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Rachel S. Anderson is a Professor of English whose research interests range from early medieval hagiography to contemporary science fiction. She teaches courses in Anglo-Saxon language and literature, Shakespeare, and recently developed an introductory science fiction course. She also teaches DS 201, Digital Identities and Communities in the minor. She has long been interested in the ways the medieval can be understood using both digital tools and contemporary biopolitical theory. She contributed to the manuscript coding work on the MLA edition of The Digital Ælfric and is currently completing a book on understanding medieval saints’ relics through the lens of biopolitics.
Email: firstname.lastname@example.org | Phone: (616) 331-8536 | Office 212 Lake Huron Hall
Dr. Wendy Burns-Ardolino is Professor of Liberal Studies and director of the Professional Master's in Social Innovation. She teaches interdisciplinary courses that cross the disciplines of media, cultural, and gender studies. She is particularly interested in the ways that social media have been used to amplify cultural messages and to cultivate social activism. Her monograph, TV Female Foursomes and their Fans, explores meaning making through online fandom. She remains curious about the ways in which watching television has changed and what this means for the shared conceptual map of old style mass media. As a cultural studies practitioner, she continues to question how humans communicate and connect through digital communities and how these processes shape our understanding of ourselves as digital citizens engaging in a progressively mediatized world.
Email: email@example.com | Phone: 331-8191 | Office: 245 Lake Ontario Hall
Michelle Dowling is an Assistant Professor of Computing and Information Systems. She teaches usability design and information visualization, as well as introductory computer science courses. Her research focuses on visual analytics and combining ideas from human-computer interaction, data analytics and data science, and machine learning to support the human sensemaking process with human-in-the-loop interaction techniques, such as semantic interaction. By its nature, this research is very interdisciplinary, overlapping with topics like statistics and human cognition, and may be applied to domains such as quantitative high-dimensional data analysis, text analytics, and urban computing. In the past, she has collaborated with people from statistics, intelligence analytics, and journalism backgrounds to more deeply explore how her work may be applied in context.
Email: firstname.lastname@example.org | Phone: (616) 331-4370 | Office: C-2-209 Mackinac Hall
Hazel McClure serves as Head of Liberal Arts Programs in the library and was the library liaison for Digital Studies from fall 2017 until winter 2019. She is interested in the ways that Digital Studies affect and are present in so many disciplines, much like information literacy. She's also interested in the way digital information has transformed information consumer behavior; peoples' access to information is often mediated by digital means, and creation of information is increasingly digital, which raises issues about the ways that people create, share, and interpret information.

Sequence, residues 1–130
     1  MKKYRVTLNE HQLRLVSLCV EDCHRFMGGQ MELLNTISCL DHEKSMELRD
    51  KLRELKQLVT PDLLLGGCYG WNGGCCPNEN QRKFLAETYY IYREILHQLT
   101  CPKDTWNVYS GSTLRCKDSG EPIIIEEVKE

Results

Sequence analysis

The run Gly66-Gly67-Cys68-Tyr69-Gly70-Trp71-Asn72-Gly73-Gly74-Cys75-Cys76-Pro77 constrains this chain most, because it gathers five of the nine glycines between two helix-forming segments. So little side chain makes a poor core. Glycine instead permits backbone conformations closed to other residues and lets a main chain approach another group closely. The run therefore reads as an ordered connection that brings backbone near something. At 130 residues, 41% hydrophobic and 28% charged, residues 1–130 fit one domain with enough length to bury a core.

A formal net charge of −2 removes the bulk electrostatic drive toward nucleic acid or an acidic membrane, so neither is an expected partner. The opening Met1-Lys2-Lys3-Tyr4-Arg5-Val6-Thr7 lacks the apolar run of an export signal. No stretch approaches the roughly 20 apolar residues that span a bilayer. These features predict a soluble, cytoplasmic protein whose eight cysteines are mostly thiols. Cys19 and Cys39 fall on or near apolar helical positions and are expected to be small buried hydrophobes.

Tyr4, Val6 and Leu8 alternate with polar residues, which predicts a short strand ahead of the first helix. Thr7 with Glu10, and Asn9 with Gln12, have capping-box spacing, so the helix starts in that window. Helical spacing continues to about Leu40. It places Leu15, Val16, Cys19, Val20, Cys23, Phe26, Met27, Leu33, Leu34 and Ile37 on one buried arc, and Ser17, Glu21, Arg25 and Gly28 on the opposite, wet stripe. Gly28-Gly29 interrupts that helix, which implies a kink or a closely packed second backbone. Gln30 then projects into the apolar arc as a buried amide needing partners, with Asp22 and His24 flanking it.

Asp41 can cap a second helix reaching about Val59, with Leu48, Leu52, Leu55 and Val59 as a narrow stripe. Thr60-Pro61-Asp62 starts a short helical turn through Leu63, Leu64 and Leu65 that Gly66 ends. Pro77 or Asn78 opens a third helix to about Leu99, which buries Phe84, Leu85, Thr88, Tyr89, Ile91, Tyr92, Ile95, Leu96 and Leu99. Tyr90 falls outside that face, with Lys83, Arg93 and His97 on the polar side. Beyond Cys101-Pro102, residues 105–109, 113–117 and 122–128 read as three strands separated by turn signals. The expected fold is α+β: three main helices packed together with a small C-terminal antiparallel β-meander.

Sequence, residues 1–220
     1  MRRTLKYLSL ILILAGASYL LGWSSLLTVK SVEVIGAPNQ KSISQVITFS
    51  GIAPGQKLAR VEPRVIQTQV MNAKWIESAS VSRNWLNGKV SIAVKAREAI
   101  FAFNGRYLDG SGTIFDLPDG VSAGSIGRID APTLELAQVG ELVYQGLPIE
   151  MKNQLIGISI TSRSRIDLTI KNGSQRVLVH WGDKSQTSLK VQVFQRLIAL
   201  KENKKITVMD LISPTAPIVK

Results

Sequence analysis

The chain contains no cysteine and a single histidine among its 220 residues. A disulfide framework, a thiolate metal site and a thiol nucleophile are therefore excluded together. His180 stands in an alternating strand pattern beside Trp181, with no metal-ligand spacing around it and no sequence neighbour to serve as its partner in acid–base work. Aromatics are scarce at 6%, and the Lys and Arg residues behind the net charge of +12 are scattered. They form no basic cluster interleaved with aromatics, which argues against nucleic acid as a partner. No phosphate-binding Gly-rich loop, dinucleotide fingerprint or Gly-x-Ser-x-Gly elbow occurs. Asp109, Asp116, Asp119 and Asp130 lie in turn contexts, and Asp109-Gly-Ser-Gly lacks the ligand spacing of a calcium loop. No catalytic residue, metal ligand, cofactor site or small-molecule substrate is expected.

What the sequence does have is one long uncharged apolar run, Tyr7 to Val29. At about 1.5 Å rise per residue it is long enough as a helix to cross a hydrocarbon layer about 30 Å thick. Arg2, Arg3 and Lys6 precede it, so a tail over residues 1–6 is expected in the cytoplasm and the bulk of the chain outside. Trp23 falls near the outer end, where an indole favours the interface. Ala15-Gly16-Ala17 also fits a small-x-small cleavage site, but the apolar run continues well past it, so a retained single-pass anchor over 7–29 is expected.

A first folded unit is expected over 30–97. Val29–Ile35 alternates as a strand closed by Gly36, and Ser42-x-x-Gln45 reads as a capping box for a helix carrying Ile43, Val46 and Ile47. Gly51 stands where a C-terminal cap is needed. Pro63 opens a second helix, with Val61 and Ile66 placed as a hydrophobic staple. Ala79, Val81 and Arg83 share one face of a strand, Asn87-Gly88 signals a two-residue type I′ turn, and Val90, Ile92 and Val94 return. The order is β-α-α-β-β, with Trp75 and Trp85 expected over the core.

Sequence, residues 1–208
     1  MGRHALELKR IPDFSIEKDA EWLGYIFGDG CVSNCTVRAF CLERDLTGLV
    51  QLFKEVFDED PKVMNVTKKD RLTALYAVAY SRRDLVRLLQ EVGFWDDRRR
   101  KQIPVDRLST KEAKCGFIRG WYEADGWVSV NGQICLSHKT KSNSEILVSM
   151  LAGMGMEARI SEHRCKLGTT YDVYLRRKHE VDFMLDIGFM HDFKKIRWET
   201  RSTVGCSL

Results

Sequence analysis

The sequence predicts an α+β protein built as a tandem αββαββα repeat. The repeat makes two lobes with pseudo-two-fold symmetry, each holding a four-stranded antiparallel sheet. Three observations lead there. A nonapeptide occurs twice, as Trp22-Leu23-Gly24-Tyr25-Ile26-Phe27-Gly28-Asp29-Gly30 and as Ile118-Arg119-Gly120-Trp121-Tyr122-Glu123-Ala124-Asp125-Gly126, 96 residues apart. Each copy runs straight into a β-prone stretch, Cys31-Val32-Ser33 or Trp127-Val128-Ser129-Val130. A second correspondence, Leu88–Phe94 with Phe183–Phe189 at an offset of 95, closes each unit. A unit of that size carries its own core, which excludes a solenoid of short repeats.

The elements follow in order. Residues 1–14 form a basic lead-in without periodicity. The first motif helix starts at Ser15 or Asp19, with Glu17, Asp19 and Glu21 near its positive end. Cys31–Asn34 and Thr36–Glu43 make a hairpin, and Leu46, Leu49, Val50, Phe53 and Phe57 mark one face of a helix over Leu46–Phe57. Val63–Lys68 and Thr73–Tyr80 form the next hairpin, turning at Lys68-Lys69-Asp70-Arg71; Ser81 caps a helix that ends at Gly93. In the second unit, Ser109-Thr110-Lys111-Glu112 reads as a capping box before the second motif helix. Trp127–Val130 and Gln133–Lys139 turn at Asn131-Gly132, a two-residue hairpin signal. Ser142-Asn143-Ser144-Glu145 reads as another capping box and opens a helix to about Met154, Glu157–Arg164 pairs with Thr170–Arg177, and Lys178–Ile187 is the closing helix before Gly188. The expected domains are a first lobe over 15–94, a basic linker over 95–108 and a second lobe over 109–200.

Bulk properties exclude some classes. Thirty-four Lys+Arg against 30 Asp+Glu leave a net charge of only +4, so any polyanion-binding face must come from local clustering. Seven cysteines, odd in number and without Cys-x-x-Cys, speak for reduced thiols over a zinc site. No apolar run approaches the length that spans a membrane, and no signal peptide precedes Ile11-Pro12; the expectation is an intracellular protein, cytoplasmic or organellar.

Email: email@example.com | Phone: (616) 331-3077 | Office: 240 Mary Idema Pew Library Learning and Information Commons
Christopher Toth is the Department Chair and an Associate Professor in the Department of Writing. He teaches courses in document design, business communication, professional writing, multimodal composing, and visual rhetoric. His research interests revolve around the intersections of visual rhetoric and professional communication, specifically the emerging use of infographics in business and professional documents. His scholarship has been published in Business and Professional Communication Quarterly, the Journal of Business Communication, and in other edited collections on information literacy. Christopher chaired the task force responsible for creating the digital studies minor.
Email: firstname.lastname@example.org | Phone: (616) 331-3367 | Office: 326a LOH
Paul Wittenbraker received a BA from Wabash College and his MFA from Cranbrook Academy of Art. He was director of the Urban Institute for Contemporary Arts in downtown Grand Rapids, and he is now Professor at Grand Valley State University (GVSU). In 1999, he started Civic Studio, for which he received a Michigan Campus Compact Award. Wittenbraker led the development of the Visual Studies studio major at GVSU. In addition to teaching and advising in Visual Studies, he teaches Making and Meaning in Foundations. Recent public presentations include the lecture "Civic Studio and the Plastic City" as part of the Cranbrook Academy of Art's Critical Studies Series and the exhibit "Facing Michigan" at the Urban Institute for Contemporary Arts. Research interests include theories and representations of public space, technology and culture, and policy and cultural institutions.
Email: email@example.com | Phone: (616) 331-3486 | Office: 1117 Alexander Calder Fine Arts Center